Summer Bounty ~ Roasted TomatoesBy Arlene Marshall (TwinLakesChef) on August 20, 2010
|Roasting tomatoes is very easy. They take up very little space in the freezer. Here in Iowa, we wait patiently for that first ripe tomato. When August arrives we have an excess, and although we keep our neighbors supplied, we still have an excess. You can enjoy your tomatoes all winter long.|
We wait patiently for that first ripe tomato. August arrives and there is suddenly an abundance of tomatoes. It is very easy to roast them for winter use.
Set your oven to 550 degrees F. If your oven does not go to 550 degrees F, set it to 450 degrees; Your tomatoes will just take a little longer to roast. Line jelly roll pans with foil.
Wash, core and cut tomatoes into thick slices and arrange on pans. Sprinkle a bit of olive oil and some pepper. We do not add salt, but you can if you wish.
Place in oven and roast approximately one hour. Some of the tomatoes will begin charring. That is your signal to turn the oven off. Leaving them in the oven until it cools off helps concentrate the juices.
The next step is very important. You’ll need a food mill which is inexpensive if you need to purchase one.
The first year, roasting tomatoes, we ground up the mixture in a food processor. We later learned that the seeds and skins impart a bitter taste.
A food mill removes most of the seeds and skins. If you are processing a large amount of tomatoes, those seeds and skins can cause problems for your waste disposal. So put them in your trash can instead.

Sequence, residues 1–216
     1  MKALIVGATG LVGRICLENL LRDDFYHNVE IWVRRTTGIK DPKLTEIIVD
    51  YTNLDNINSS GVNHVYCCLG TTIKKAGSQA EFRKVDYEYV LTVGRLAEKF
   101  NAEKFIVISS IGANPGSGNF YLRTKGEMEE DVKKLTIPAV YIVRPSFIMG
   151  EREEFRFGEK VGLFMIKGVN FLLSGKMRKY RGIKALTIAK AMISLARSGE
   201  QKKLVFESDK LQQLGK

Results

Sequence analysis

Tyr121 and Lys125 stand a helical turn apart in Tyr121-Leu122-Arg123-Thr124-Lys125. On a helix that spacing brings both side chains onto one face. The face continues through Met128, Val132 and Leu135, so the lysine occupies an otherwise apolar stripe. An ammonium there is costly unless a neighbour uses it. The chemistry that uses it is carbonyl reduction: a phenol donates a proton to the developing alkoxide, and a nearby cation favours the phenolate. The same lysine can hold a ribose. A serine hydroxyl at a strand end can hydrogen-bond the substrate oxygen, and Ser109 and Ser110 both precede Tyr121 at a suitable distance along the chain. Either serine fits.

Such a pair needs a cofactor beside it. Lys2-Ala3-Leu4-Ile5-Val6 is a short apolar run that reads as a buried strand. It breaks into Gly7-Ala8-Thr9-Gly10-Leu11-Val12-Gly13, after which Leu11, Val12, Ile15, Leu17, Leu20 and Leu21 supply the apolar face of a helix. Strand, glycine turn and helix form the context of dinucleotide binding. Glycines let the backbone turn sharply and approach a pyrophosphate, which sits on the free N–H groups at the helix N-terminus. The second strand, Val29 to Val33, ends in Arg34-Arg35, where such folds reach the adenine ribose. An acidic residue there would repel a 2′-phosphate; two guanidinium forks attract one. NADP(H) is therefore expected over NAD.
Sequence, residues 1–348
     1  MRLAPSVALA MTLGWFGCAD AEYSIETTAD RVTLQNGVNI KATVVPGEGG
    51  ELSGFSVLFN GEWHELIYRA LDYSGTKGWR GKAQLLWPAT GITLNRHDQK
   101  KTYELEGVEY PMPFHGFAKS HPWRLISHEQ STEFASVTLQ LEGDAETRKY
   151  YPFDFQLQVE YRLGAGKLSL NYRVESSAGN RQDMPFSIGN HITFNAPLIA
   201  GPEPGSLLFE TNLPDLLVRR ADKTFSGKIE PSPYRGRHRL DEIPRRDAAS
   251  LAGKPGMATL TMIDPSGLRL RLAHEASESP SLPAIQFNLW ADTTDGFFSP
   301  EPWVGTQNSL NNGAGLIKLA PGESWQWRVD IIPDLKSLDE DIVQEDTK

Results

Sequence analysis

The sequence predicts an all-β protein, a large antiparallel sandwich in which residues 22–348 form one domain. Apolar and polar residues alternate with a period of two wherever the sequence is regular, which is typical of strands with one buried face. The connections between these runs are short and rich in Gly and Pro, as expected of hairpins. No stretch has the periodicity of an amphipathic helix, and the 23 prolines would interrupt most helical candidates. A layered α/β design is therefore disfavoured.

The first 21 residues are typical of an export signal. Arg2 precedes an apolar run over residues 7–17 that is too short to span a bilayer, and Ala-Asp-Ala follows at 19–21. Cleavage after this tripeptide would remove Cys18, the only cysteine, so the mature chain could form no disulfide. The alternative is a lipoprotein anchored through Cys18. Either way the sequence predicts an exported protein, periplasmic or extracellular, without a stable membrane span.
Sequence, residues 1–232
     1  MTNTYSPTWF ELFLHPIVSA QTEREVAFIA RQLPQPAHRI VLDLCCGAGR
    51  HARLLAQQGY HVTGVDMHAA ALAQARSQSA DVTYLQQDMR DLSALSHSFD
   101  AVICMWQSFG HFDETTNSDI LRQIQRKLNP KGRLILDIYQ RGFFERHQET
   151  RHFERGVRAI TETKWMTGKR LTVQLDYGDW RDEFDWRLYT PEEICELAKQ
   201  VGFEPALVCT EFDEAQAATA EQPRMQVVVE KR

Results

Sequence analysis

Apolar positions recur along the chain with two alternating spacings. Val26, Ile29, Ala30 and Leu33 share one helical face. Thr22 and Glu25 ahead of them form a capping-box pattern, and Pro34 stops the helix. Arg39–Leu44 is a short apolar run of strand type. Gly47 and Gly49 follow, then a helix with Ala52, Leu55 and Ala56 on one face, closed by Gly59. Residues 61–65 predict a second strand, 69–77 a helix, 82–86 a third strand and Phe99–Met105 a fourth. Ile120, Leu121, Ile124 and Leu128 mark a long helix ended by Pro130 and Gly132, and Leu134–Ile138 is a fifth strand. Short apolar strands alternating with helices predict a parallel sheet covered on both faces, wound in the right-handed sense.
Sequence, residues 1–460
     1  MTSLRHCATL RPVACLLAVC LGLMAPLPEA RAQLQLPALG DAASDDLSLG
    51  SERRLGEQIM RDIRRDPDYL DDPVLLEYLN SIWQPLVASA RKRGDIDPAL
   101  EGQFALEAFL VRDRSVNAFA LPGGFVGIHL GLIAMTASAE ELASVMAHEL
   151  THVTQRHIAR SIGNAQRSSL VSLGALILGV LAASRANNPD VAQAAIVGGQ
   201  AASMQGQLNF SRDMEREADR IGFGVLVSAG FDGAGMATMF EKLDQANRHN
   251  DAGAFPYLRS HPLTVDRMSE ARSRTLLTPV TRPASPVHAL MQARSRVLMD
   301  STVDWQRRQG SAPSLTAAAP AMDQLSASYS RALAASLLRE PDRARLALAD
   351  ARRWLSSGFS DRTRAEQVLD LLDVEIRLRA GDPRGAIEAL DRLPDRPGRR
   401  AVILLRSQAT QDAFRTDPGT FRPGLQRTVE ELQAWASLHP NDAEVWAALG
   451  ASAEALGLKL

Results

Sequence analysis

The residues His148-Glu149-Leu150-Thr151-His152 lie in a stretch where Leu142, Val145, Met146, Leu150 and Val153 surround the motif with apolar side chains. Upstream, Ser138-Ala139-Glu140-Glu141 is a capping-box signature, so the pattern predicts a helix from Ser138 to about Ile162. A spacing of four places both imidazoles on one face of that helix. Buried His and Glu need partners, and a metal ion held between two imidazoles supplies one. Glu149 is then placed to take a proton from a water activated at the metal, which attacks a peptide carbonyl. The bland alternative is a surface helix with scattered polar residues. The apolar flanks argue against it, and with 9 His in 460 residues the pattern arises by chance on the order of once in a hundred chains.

The last step is to pack them up and label them for freezing. You can use freezer storage bags or a plastic container. Save cottage cheese containers or any container that is the correct size for your cooking needs. We save anything plastic that comes into the house for various uses. Eventually all plastic makes it’s way to the re-cycle program here.
When arranging the tomatoes, bury a whole head of garlic in the center of the pan, husk and all. Add thick slices of onion, and chunks of peppers from your garden. Herbs can be added. . . basil. . . oregano . . thyme. Be sure to label it accordingly. Some of ours have a lot of jalapeno in them and are great to pull out during the winter to add to sauces or chili. It is so easy to do and kicks up the flavor of whatever you are cooking.
Editing to Add: Garlic ~ Cut the top of the garlic bulb off so you can see the pulp. Burying the whole head of garlic in the tomatoes allows it to roast and turn to a nutty flavor. When you pull the pan out of the oven, fish out that head of garlic and squeeze the soft inner part out, adding it back to the tomatoes; discard the outer fibrous husk.
We have made orange sauces, yellow sauces, as well as red. Some varieties we’ve grown, we thought were too bland to eat fresh. We have found that once a tomato is cooked, they all taste like . . . tomato. Roasting tomatoes is a good way to salvage the tomatoes you didn’t care for fresh. We’ve never found a tomato that could not be roasted successfully.
Iowa has experienced a very wet year. Tomatoes split; bugs attack them as well as the deer and rabbits that like to take a bite. When picked, they have to be used immediately. We keep our friends and neighbors in tomatoes and still have excess, even in a poor year. Roasting is a perfect solution.
|canning, freezing, roasting tomatoes, tomato, tomatoes|
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Comments and discussion:
|Subject||Thread Starter||Last Reply||Replies|
|Great subject on roasting tomatoes!||momof2d||Jan 9, 2011 1:30 PM||1|
|Didn't work||paulgrow||Aug 27, 2010 5:26 PM||10|
|Food Mills||paulgrow||Aug 23, 2010 12:16 PM||5|
|Oh Yum :-)||vic||Aug 23, 2010 11:09 AM||8|
|Another way to save tomatoes||valleylynn||Aug 22, 2010 12:05 PM||6|
|composting||Lance||Aug 20, 2010 6:32 PM||1|